New Zealand is not speaking at an international climate leaders summit this weekend, however it is watching from the sidelines.
The Climate Ambition Summit 2020 is being held on the fifth anniversary of the 2015 Paris Climate Agreement. The United Nations, United Kingdom and France are co-hosting the summit, which has also been dubbed the “Sprint to Glasgow”.
The UK Government was due to host the annual UN climate summit (known as the Conference of the Parties or COP) in Scotland this year, but that was pushed back to 2021 due to the Covid-19 pandemic. The online December summit is instead a place-holder, which will kick off at 9am Eastern Time (3am NZT), and can be watched on demand.
According to the UN, the aim of the event is to rally momentum and call for greater climate action and ambition. Governments are being invited to present more ambitious and high-quality climate plans, as well as Covid-19 recovery plans, new finance commitments and measures to limit global warming to 1.5C.
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The summit’s programme includes a long list of speakers from all over the world including many world leaders such as Canada’s Justin Trudeau, Fiji’s Frank Bainimarama, German’s Angela Merkel and China’s Xi Jinping, as well as international business leaders and organisations.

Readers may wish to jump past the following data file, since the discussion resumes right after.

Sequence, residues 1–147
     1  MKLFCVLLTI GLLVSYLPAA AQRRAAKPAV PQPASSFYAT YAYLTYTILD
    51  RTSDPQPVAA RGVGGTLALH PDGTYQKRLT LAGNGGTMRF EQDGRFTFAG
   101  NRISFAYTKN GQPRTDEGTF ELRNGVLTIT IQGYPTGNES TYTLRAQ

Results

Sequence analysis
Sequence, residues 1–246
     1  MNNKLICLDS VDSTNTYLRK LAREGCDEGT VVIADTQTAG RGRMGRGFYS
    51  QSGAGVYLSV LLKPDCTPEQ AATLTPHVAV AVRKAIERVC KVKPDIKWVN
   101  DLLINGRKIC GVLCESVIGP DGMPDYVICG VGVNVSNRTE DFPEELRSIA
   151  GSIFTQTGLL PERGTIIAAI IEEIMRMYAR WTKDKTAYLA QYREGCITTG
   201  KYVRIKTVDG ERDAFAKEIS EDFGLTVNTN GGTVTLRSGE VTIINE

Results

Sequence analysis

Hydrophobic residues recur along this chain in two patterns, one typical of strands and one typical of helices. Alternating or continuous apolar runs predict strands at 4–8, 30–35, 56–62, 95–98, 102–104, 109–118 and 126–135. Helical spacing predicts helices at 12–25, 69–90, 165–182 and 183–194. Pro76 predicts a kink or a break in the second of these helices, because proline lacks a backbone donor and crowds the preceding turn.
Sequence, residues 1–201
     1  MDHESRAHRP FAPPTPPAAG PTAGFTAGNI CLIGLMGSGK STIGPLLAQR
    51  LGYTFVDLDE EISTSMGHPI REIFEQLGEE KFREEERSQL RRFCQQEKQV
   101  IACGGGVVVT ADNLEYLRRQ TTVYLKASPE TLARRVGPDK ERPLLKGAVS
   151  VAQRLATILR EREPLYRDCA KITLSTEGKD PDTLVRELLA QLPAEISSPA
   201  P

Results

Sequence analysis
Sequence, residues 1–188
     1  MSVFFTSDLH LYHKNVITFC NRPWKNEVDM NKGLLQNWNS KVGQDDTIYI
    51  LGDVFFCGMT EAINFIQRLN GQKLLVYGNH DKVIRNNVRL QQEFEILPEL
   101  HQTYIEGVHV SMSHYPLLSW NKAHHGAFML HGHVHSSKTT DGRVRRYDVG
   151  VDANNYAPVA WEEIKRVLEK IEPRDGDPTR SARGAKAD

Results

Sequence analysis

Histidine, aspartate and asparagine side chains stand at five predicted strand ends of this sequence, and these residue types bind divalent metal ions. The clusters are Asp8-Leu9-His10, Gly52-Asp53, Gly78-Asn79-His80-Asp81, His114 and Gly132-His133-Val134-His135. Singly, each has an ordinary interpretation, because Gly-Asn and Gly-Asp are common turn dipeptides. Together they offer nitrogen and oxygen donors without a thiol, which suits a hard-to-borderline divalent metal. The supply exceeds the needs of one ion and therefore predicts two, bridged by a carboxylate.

But New Zealand isn’t on the list, and neither is Australia.
There’s been some criticism and questions raised around why New Zealand isn’t speaking, especially considering our stance on climate change action which saw the Government declare a climate emergency last week.
A Government spokesperson says New Zealand was invited to express an interest in a speaking slot. However, the event was happening too soon after the establishment of the new Government and it was not in a position to have any appropriate policy announcements ready to launch at the event.
“For example, the review of our Nationally Determined Contribution, emissions budgets, and long term emission reduction and adaptation plans are subject to domestic processes running beyond the Sprint to Glasgow event,” the spokesperson said.
Officials from New Zealand would be engaging in the event, however New Zealand won’t be speaking, the spokesperson said.
A different Government spokesperson added that the summit organisers required new announcements to be made in order to get speaking slots.
“New Zealand’s preference is to make our major new announcements in New Zealand first, as we did recently for our announcement on a carbon neutral public service. We have shared this preference with the organisers.”
Minister for Climate Change James Shaw said in a statement that the Government had put New Zealand at the forefront of climate action over the past three years, and as the declaration of a climate emergency shows, “we have every intention of staying there”.
“It is likely that many of the commitments other countries will make at the Sprint to Glasgow event will be similar to what this Government has already committed to, such as a target to reach net zero carbon emissions by 2050,” he said.
“Having already made these commitments, we very much look forward to hearing what other countries will be bringing to the table.”
On Wednesday, the Intergenerational Climate Ambassadors group met Shaw at the Beehive, which was the last day Parliament was sitting for the year.
The group of climate activists, who are aged between 13 and 73, warned that unlike MPs, the greenhouse gas heating our atmosphere won’t take a vacation this summer.
Climate activists tell us about the green Government policy they most want to see in 2021.